We spent the rest of the day – about 1 p.m. to 6 or 7 p.m. – tasting wines, taking tours, eating an incredible lunch, and testing our stomachs (lots of wine + bumpy roads + hot sun + jams/olives/chocolate + absinthe). We only made it to two wineries before our final stop, but had more than our fill of amazing Argentinian wines.

Our first stop was family-run Pulmary Vineyards, a certified organic operation including an incredible garden restaurant. Most of our group ordered steaks and pork chops cooked over a fire out in the yard, but I couldn’t resist a plate of perfectly grilled vegetables and a fried egg (besides, I was a little beefed-out by this point of the trip, and I knew I’d have plenty more to go).

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Our group shared two bottles of wine with lunch, plus about 6 or 8 tastings during the tour of the facility. We didn’t see the vineyards at this place, but got a full tour of the processing and cellars. Tastings included a variety of reds, most notably Argentina’s famous Malbec, both bottled and new (uncellared). Our favorites included the new Cabernet Sauvignon and the 2008 and 2010 Reserve Malbecs.

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Our second stop was Alta Vista Winery, a much larger (and much more expensive) operation owned by a family that also runs wineries in France. While we waited for our tour and tasting to start we lounged around in their garden and vineyards, with spectacular views of the Andes. We only tasted three wines at this spot, but that included Torrontés, Argentina’s most prominent white wine.

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Our third and final stop was A La Antigua, a family-run gourmet foods and liqueurs producer. We tasted about a dozen savory items – tapenades and pickled peppers and their unique sweet green olives – another dozen jams and dulce de leches, then could each pick two of their dozen or so liqueurs to taste. As a group we shared and were able to taste all of the liqueurs, including flavors like orange, rose, spiced wine, dulce de leche, chocolate hazelnut, and sweet and spicy green chile. The main event, though, was the absinthe. Four of our group chose absinthe as one of their tastings, and the owner of the shop served them for us in the authentic style, with a teaspoon of flaming sugar soaked in alcohol.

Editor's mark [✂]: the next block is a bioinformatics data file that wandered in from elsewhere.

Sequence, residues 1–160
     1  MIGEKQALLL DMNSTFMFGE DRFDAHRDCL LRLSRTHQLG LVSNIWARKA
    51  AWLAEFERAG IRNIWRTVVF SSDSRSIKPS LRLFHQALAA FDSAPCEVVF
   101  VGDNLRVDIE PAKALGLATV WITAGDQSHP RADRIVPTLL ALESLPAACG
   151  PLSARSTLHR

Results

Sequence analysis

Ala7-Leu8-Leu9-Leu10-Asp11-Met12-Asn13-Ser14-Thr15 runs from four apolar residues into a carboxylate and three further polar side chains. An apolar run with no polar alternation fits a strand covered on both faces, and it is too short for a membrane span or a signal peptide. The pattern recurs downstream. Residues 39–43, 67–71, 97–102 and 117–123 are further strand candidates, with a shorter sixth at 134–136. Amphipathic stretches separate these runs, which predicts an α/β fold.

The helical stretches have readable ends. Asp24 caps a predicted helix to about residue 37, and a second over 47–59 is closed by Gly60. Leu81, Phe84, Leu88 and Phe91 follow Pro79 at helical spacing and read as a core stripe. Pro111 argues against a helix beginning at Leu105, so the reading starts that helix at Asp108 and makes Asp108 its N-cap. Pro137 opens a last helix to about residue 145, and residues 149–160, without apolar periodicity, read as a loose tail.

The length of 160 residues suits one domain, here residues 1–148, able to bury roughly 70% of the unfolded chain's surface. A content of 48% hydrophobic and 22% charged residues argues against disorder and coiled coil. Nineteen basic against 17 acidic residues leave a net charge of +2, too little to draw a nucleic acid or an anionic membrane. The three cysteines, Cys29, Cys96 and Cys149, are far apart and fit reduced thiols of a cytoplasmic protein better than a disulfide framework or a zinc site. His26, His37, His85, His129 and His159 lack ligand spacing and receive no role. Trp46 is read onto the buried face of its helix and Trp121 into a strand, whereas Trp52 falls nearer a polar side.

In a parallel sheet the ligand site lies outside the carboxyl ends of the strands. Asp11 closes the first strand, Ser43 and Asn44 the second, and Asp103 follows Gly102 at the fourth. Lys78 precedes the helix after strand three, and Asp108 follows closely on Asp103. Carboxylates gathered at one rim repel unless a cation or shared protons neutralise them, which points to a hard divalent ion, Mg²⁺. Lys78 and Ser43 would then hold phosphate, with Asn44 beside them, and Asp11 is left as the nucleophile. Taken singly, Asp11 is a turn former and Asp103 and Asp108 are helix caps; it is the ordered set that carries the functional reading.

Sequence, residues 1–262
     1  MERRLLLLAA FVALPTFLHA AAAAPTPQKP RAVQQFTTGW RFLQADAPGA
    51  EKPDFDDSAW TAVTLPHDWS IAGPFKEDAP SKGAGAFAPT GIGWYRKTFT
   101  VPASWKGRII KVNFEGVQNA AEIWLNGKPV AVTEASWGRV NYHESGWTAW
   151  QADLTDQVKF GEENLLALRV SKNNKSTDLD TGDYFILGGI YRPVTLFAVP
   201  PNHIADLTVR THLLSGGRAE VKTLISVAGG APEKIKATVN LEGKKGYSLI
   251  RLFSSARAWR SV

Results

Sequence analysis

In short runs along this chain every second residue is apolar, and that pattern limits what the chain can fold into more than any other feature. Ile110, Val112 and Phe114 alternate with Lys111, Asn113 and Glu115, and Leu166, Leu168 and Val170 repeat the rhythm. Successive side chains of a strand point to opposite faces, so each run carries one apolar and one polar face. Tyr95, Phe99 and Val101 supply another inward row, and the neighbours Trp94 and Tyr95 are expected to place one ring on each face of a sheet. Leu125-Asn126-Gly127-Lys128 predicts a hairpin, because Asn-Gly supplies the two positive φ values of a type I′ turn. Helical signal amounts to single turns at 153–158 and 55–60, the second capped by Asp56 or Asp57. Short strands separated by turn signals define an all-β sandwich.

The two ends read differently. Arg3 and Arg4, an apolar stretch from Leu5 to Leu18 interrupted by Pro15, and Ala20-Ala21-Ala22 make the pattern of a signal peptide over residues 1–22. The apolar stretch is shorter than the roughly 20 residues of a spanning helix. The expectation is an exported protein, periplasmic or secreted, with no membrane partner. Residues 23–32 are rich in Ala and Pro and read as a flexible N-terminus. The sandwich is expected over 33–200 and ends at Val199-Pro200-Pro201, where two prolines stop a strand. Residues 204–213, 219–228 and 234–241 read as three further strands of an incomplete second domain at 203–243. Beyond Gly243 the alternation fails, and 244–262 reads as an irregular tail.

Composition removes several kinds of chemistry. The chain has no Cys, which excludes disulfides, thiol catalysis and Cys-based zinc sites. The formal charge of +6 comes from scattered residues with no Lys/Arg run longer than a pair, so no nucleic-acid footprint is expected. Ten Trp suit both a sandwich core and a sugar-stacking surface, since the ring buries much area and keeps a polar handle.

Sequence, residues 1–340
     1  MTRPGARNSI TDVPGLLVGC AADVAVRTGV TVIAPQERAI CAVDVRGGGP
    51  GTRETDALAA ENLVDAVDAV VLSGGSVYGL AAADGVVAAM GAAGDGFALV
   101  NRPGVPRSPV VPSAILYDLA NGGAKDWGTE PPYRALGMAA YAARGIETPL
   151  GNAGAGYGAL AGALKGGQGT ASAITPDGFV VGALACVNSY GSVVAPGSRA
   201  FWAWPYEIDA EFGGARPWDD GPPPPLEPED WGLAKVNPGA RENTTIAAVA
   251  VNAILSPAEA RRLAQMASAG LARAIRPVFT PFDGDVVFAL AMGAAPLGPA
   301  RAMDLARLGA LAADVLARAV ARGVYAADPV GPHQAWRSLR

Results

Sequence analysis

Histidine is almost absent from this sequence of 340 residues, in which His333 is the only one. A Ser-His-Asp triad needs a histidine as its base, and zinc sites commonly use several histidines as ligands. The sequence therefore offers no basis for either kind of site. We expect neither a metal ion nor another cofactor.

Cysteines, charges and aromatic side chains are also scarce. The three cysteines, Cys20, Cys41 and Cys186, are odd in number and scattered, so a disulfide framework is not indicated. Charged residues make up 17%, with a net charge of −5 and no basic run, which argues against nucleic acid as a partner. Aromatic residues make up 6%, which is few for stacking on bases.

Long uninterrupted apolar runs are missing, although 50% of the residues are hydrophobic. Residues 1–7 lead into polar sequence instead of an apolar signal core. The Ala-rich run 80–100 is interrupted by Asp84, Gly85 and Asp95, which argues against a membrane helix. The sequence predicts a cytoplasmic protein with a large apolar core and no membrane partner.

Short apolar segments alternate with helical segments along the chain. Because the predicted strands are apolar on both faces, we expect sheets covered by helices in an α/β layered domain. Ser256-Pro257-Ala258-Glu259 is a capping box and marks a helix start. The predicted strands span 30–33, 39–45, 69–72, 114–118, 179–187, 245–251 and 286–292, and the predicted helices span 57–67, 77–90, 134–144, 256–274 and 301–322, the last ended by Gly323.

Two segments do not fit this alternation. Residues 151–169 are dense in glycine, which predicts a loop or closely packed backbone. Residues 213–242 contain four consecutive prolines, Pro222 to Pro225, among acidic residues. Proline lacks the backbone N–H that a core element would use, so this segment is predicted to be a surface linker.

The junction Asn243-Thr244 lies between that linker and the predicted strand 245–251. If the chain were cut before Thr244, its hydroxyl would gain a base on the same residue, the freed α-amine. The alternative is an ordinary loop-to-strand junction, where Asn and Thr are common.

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The biking itself was a little out of the ordinary – heavily rutted dirt streets and, as always, crazy Argentinian drivers. But we easily made it where we needed to go, even in the heat of the mid-day sun, and had no problem getting our way back to the bike rental and then back to our hostel in Mendoza.

Costs, per person: bus ticket ($5.40ARS – $1.10 USD) round trip, bike rental ($35ARS – $7USD), tastings ($15ARS – $3USD / $30USD – $6USD / $15ARS – $3USD), plus lunch (somewhere around $125-175ARS, including wine – $25-30USD).

A weekend at the Oregon Country Fair

How to describe the Country Fair? I’ve been struggling for days to figure out how to write this, and for weeks to find a way to describe it to friends. The closest I can come is something like this: Take a Renaissance Festival – with all of its food booths and artists and performances and costumes – but remove it from the 16th Century Renaissance Festival and fill it instead with an intergenerational mix of mostly hippies, a few Burning Man types, and some enthusiastic and curious tourists. Add an incredible amount of history, hard work, and creative energy, and a sprinkling of nudity here and there.  Throw in parades full of music and costumes and characters you’ve only dreamed of in your wildest imagination. Place it in the middle of the woods, add thousands of people (tens of thousands, actually), and you’ve got the Oregon Country Fair.